Marie ADDOO, Plaintiff-Appellant, v. NYC BOARD OF ED., Defendant-Appellee.

No. 07-0183-cv.United States Court of Appeals, Second Circuit.
March 11, 2008.

[EDITOR’S NOTE: This case is unpublished as indicated by the issuing court.]

Appeal from the United States District Court for the Eastern District of New York, Allyne R. Ross, J.

Page 142

UPON DUE CONSIDERATION, IT IS HEREBY ORDERED, ADJUDGED,AND DECREED that the judgment of the District Court beAFFIRMED.

Marie Addoo, New York, NY, pro se.

Cheryl Payer, Assistant Corporation Counsel (Stephen J. McGrath, Assistant Corporation Counsel, on the brief), Law Department of the City of New York, New York, NY, for Appellee.

PRESENT: JOSÉ A. CABRANES, ROSEMARY S. POOLER, and ROBERT A. KATZMANN, Circuit Judges.

SUMMARY ORDER
Plaintiff-appellant Marie Addoo appeals, pro se, from a judgment of the District Court entered on December 19, 2006, granting summary judgment to defendant, the New York City Board of Education (“BOE”), on plaintiff’s claims of discrimination and retaliation in violation of the Americans with Disabilities Act of 1990 (“ADA”), 42 U.S.C. § 12101 et seq., and the Rehabilitation Act of 1973, 29 U.S.C. § 701 et seq. See Marie Addoo v. New York City Board of Education, No. 04 CV 2255(ARR)(LB) (E.D.N.Y. Dec. 18, 2006). We assume the parties’ familiarity with the underlying facts, the procedural history, and the issues on appeal.

Addoo, an employee of the BOE since 1987, claims that her employer subjected her to a “pattern of harassment” after she became temporarily disabled in 2001 from leg injuries that exacerbated a pre-existing back condition. The alleged harassment included: (1) receipt of baseless negative performance evaluations, (2) assignment to a basement classroom, (3) transfer from Queens to the Bronx, and (4) not receiving salary increases to which she was entitled. In her complaint, Addoo alleges that the BOE’s conduct constitutes employment discrimination on the basis of a disability in violation of the ADA and the Rehabilitation Act.[1]

The BOE moved for summary judgment and Addoo, then represented by counsel, opposed. The District Court ruled in favor of the BOE, holding that no reasonable juror could find that Addoo was disabled under the ADA. Assuming arguendo that Addoo’s leg and back pain constituted an “impairment” for the purposes of the statute, the District Court concluded that it did not “substantially limit” any major life activity because the impairment was (a) not severe, (b) of limited duration, and (c) unlikely to have a permanent or long-term impact — indeed, Addoo herself described the condition as “temporary” in the complaint. See Capobianco v. City of New York, 42Z F.3d 47, 57 (2d Cir. 2005) (“Factors to consider in determining whether a major life activity is substantially limited include: the nature and severity of the impairment; its duration or expected duration; and the existence of any actual or expected permanent or long term impact.”). Because Addoo could not prove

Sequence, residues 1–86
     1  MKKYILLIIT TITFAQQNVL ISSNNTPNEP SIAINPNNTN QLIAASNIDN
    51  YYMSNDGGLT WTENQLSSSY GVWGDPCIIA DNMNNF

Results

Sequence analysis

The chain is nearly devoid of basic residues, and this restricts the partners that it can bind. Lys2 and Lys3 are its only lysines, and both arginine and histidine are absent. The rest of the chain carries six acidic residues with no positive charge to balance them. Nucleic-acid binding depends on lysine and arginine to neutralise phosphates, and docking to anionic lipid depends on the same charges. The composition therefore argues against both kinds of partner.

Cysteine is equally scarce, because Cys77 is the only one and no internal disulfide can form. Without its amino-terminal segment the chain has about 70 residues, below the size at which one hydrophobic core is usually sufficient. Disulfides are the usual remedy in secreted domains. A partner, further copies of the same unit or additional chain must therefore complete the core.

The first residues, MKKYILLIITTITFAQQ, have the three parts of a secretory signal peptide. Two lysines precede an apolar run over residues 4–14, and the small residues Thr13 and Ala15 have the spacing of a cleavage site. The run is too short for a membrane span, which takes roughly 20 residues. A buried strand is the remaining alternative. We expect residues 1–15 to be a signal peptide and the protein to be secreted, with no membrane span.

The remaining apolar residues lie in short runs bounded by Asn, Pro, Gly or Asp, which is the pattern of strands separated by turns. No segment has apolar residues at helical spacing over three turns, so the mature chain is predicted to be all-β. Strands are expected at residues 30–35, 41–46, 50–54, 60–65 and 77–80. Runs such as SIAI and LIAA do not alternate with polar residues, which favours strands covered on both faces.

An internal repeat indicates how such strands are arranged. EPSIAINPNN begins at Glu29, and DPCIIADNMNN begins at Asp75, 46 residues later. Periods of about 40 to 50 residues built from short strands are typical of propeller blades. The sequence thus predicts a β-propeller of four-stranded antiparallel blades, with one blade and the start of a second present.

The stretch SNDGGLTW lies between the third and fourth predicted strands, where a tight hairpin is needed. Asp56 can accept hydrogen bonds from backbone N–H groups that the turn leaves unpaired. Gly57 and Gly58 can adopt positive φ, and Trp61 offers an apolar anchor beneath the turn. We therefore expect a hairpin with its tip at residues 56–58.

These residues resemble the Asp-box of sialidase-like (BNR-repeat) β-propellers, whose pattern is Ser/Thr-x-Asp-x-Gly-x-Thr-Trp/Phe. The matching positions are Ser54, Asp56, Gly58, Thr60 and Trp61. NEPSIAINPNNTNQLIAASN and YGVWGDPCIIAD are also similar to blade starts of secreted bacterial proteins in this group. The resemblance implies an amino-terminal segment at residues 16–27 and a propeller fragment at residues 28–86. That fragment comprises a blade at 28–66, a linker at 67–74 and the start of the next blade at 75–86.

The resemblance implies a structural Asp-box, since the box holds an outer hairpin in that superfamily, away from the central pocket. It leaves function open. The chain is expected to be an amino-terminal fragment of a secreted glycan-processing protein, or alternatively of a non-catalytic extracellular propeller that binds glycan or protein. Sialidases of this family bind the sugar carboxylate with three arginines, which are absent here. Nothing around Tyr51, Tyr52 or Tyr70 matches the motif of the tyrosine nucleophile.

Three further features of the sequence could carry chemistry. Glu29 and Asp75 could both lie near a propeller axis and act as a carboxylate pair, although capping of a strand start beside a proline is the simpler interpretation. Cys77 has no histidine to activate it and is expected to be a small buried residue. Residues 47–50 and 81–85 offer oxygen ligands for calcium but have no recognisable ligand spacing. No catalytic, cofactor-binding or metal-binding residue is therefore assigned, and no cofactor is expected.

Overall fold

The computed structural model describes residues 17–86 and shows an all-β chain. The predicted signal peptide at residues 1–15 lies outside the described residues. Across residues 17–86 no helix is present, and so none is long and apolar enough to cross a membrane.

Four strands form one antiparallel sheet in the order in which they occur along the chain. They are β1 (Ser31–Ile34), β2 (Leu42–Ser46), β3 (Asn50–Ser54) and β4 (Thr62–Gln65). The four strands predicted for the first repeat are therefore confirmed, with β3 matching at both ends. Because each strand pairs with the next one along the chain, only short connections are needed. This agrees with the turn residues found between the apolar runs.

Page 143

that her purported impairment “substantially limits one or more . . . major life activities,” 42 U.S.C. § 12102(2)(A), she could not prevail under the ADA, see Capobianco, 422 F.3d at 56 (“Not every impairment is a `disability’ within the meaning of the ADA; rather, there are two requirements: the impairment must limit a major life activity and the limitat[ion] must be substantial.”) (brackets in original), or under the Rehabilitation Act, see 29 U.S.C. § 794(d) (adopting ADA standards for determining employment discrimination on the basis of disability); see also Bartlett v. N.Y. State Bd. of Law Exam’rs, 226 F.3d 69, 78
n. 2 (2d Cir. 2000).

We agree with the District Court that, under the circumstances presented, Addoo could not establish that her leg and back pain constituted a substantial limitation on any major life activity. Accordingly, for substantially the reasons stated by the District Court, summary judgment in favor of defendant BOE was proper, and the judgment of the District Court is hereby AFFIRMED.

[1] Addoo’s complaint also invokes Title VII of the Civil Rights Act of 1964, 42 U.S.C. § 2000e et seq., but there are no facts alleged in her complaint or set forth in the record indicating that Addoo suffered any discrimination on the basis of “race, color, religion, sex, or national origin,”42 USCS § 2000e-2(a)(1).

Page 1